December ends and so does another year, and my mind runs amok with a multitude of thoughts.

The month ended in a frenzy of unexpected stress, unplanned events, things I didn’t see coming. In a way, it felt as if I were blindsided.

As I opened the Scripture this morning, seeking a word of comfort, my ribbon marker opened to Psalm 100, a short chapter I memorized as a child.

Make a joyful noise unto the Lord, all ye lands.
Serve the Lord with gladness: come before his presence with singing.
Know ye that the Lord he is God: it is he that hath made us, and not we ourselves; we are his people, and the sheep of his pasture.
Enter into his gates with thanksgiving, and into his courts with praise: be thankful unto him, and bless his name.
For the Lord is good; his mercy is everlasting; and his truth endureth to all generations.

The familiar words of the King James Version came easily to my mind. I was refreshed with their ancient newness, words of assurance and love, reminding me to praise no matter what the day produces. I kept them in my heart throughout the day, believing that God is who He says He is and He meant every word that He preserved for me to read.

December was joyously spent with friends and family. Tables filled to the brim with few and many, shared meals or simply a cup of hot cocoa. Conversation was always the prime ingredient. It was beautiful, and I’m grateful for the gift of relationship that lasts all year long.

The holiday season was busy with a recital, a craft fair and birthdays added to the hustle of gift buying, cooking/baking, and opening our home every chance we got. I’m always down to the last wire getting the Christmas boxes to the post office in time for delivery to our dear ones. I have settled it in my head that I’m a late gift-wrapper. I can’t seem to do it ahead of time in spite of the wrapping paraphernalia setting out in readiness since the first of the month.


In contrast, there were quiet days for contemplation, shared devotionals with Sweet William, time to sit by the fire and sip slowly of life. I appreciate days like that. Too much, my younger self spent all her days in frenzied activity. I’ve learned that slow is a good speed for me.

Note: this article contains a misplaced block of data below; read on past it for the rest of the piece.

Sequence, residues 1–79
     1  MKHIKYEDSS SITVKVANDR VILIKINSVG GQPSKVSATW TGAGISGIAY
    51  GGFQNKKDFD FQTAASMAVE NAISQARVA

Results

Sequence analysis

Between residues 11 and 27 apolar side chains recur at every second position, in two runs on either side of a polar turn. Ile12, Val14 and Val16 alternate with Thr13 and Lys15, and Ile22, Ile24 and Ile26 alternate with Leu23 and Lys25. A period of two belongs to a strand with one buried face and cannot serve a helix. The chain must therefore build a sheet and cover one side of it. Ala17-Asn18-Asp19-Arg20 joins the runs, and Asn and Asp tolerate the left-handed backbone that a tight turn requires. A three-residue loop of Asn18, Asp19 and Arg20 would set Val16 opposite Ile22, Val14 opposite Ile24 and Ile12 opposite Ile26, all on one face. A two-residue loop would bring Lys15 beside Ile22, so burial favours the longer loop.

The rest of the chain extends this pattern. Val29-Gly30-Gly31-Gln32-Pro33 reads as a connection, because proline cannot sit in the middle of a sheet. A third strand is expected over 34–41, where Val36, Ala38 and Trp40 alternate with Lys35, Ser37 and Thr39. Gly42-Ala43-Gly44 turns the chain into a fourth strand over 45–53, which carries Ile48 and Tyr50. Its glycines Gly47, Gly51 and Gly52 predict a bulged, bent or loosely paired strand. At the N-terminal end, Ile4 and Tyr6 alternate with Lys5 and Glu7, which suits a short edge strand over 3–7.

I re-read an old book, Two From Galilee by Marjorie Holmes. It’s a fictional account of Mary and Joseph in the days of their betrothal through the birth of Jesus. While much of the story was imagined, the Biblical details were accurate. I enjoyed thinking about the young couple, the love they might have shared, the criticism they endured from Mary’s unique pregnancy, and the hardships of a long trip to Bethlehem ending with birthing in a stable.

The drama came alive to me, a real story with real people living out an unusual calling. I was reminded that God’s ways are different, to say the least. His ways are higher, too profound and deep for me to completely understand. And yet, He is so near, so involved in history and our daily lives. He came to be with us so that we could know Him. Amazing.

And so we begin a new year. In an odd sort of way, I like endings and beginnings, the closing of a book cover only to open another, finishing a project with the satisfaction that I can move on to something else. It is the anticipation of starting fresh and new, like the untouched page of a new journal or notebook. It awaits the imprint of inked words.

As I reviewed my bullet journal and prepared the new one, I saw that I didn’t complete many of the major projects I’d planned to do this year.  Which presents me with a conundrum. If they were not a real priority, what shall I do with them in the coming year?

I haven’t decided yet. Perhaps I’ll just go like a butterfly, take each day as it comes, feel  for the wind of the Spirit and go where He is moving.

I kind of like thought.

Happy New Year 2019! 


Sunday grace

Trying to read with fresh eyes, I ponder the first stories told by Matthew and Luke. I see ordinary people doing ordinary things.